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Module 10
 Graphing Functions

Exploring Global Climate Change
 Objectives: Students learn about changes in sea ice observed by NASA satellites through reading a NASA press release. By viewing a NASA eClips video segment, students discover how scientists study the effects of global climate change on Earth's biomes. Students then explore global climate change by studying the properties of functions that have been derived from actual data describing ocean level rise, temperature and carbon dioxide increases, and arctic ice declines, among other climate data.

Mathematics Skill or Topic Area:

Graphing Functions

Next Gen Science Framework: PS1: Matter and Its Interactions, PS3: Energy, LS2: Ecosystems: Interactions, Energy, and Dynamics, ESS2.A: Earth Materials and Systems, ESS3.C: Human Impacts on Earth Systems, ESS3.D: Global Climate Change, ETS2: Links Among Engineering, Technology, Science, and Society

Common Core ELA for Science: RST.6-8.2. Determine the central ideas or conclusions of a text; provide an accurate summary of the text distinct from prior knowledge or opinions. RST.6-8.8. Distinguish among facts, reasoned judgment based on research findings, and speculation in a text. RST.6-8.9. Compare and contrast the information gained from experiments, simulations, video, or multimedia sources with that gained from reading a text on the same topic.

Common Core Math Standard: 6.EE.2.c Evaluate expressions at specific values of their variables. Include expressions that arise from formulas used in real-world problems. Perform arithmetic operations, including those involving whole-number exponents, in the conventional order when there are no parentheses to specify a particular order (Order of Operations); 6.EE.6 Use variables to represent numbers and write expressions when solving a real-world or mathematical problem; understand that a variable can represent an unknown number, or, depending on the purpose at hand, any number in a specified set; 6.EE.7 Solve real-world and mathematical problems by writing and solving equations of the form x + p = q and px = q for cases in which p, q and x are all nonnegative rational numbers.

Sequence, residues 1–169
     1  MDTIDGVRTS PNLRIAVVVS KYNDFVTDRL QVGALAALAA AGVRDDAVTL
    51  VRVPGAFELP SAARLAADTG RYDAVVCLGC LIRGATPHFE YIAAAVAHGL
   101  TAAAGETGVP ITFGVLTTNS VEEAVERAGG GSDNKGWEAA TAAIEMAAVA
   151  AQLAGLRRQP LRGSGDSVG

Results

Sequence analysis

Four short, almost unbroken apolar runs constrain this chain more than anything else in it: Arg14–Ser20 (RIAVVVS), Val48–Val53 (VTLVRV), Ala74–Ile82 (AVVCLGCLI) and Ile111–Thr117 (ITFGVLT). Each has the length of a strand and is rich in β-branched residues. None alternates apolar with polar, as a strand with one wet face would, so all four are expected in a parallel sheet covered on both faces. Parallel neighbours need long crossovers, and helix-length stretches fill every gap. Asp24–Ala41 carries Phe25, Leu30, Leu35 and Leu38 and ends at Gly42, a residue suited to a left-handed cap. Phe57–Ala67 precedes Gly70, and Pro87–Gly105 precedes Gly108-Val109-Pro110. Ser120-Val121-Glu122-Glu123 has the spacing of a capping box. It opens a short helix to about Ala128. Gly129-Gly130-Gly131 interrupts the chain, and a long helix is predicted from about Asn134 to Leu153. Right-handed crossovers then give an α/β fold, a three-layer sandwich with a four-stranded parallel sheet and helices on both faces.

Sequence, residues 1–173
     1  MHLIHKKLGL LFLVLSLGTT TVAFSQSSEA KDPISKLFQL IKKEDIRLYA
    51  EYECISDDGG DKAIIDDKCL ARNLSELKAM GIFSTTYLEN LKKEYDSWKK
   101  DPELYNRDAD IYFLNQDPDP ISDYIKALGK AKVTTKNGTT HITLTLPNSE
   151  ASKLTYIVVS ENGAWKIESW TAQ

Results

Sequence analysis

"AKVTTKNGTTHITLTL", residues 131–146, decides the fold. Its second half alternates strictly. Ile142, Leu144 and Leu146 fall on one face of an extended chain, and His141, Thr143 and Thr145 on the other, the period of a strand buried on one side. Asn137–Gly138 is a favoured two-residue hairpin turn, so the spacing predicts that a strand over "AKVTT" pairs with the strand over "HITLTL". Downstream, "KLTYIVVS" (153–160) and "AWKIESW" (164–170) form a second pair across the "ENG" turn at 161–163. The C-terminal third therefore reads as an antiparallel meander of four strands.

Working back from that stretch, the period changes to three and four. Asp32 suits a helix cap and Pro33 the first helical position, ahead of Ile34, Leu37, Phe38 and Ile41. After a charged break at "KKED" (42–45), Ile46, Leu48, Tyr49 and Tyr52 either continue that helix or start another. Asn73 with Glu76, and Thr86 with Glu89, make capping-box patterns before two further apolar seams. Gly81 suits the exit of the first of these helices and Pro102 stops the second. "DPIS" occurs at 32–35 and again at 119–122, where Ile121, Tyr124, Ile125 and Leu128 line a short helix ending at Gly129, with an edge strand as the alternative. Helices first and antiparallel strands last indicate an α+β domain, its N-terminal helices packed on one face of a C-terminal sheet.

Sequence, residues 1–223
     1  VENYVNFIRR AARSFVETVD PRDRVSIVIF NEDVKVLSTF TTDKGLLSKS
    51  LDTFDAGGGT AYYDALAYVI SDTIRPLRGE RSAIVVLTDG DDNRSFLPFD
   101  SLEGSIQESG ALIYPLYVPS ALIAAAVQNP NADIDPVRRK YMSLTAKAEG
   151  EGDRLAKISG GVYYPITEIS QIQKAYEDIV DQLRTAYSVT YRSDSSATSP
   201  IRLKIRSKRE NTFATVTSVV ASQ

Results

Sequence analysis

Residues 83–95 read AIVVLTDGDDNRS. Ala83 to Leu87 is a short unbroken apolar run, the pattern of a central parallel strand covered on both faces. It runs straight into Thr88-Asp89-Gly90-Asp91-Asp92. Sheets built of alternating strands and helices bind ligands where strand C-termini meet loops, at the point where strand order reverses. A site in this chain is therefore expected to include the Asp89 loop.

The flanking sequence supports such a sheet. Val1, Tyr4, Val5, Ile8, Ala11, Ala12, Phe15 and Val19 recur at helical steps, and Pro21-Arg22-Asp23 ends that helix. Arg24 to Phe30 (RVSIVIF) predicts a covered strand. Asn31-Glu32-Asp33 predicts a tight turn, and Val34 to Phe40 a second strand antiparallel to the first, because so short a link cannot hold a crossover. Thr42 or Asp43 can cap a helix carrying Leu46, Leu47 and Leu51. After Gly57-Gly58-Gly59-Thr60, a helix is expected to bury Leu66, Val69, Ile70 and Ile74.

Video Engagement: NASA and Biosphere 2 Visit Biosphere 2, operated by the University of Arizona, to find out how scientists are working with NASA to discover more about the effects of global climate change could have on key biomes. Learn about the characteristics that divide Earth into unique terrestrial biomes. (6 minutes) View Program

 Engage your students with a press release: Arctic Sea Ice Hits Smallest Extent In Satellite Era The frozen cap of the Arctic Ocean appears to have reached its annual summertime smallest extent. This time it broke a new record on September 16,2012. Scientists studying satellite data have shown that the minimum sea ice extent has shrunk to 1.32 million square miles (3.41 million square kilometers). The new record minimum is almost 300,000 square miles less than the previous record, set in 2007.The state of Texas measures around 268,600 square miles in area. Although September 16 seems to be the annual minimum, there's still time for winds to change and compact the ice floes. Arctic sea ice cover naturally grows during the dark Arctic winters when it's cold. Sea ice retreats when the sun re-appears in the spring. The sea ice minimum area is normally reached in September. The problem is that it has been decreasing over the last three decades as Arctic ocean and air temperatures have increased. This year's minimum area marks the first time Arctic sea ice has dipped below 4 million square kilometers in total area. "Climate models have predicted a retreat of the Arctic sea ice .The actual retreat has proven to be much more rapid than the predictions," said Claire Parkinson, a climate scientist at NASA Goddard Space Flight Center. The thickness of the ice cover is also in decline. The disappearing older ice gets replaced in winter with thinner seasonal ice that usually melts completely in the summer. Press release date line - September 19, 2012 [ Click Here ] Other Press Releases:

Explore math connections with

SpaceMath@NASA

Problem I - Global Warming Trends - A combination of hundreds of climate studies have traced changes in the average temperature of Earth since before the Industrial Revolution in the 1800's. Students will graph and interpret data over the period from 1960 to 2050. [Open PDF ]

Problem II - Carbon Dioxide Change - As humans continue to burn fossil fuels, the amount of carbon dioxide in the atmosphere changes. Students will use a simple mathematical model to make predictions about carbon dioxide abundances. [Open PDF ]

Write your own problem - Using information found in the Math Connection problems, the press release or the video program, create your own math problem. Explain why you set the problem up this way, and how you might find its answer.